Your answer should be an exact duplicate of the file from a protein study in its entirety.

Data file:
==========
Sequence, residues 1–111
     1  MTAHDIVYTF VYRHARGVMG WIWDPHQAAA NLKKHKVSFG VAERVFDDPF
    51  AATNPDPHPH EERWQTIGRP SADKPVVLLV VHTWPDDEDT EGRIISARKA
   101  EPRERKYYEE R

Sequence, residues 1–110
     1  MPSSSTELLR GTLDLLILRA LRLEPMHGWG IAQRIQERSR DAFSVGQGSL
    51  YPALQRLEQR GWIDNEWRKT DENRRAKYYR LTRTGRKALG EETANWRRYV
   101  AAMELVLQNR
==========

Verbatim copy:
Sequence, residues 1–111
     1  MTAHDIVYTF VYRHARGVMG WIWDPHQAAA NLKKHKVSFG VAERVFDDPF
    51  AATNPDPHPH EERWQTIGRP SADKPVVLLV VHTWPDDEDT EGRIISARKA
   101  EPRERKYYEE R

Sequence, residues 1–110
     1  MPSSSTELLR GTLDLLILRA LRLEPMHGWG IAQRIQERSR DAFSVGQGSL
    51  YPALQRLEQR GWIDNEWRKT DENRRAKYYR LTRTGRKALG EETANWRRYV
   101  AAMELVLQNR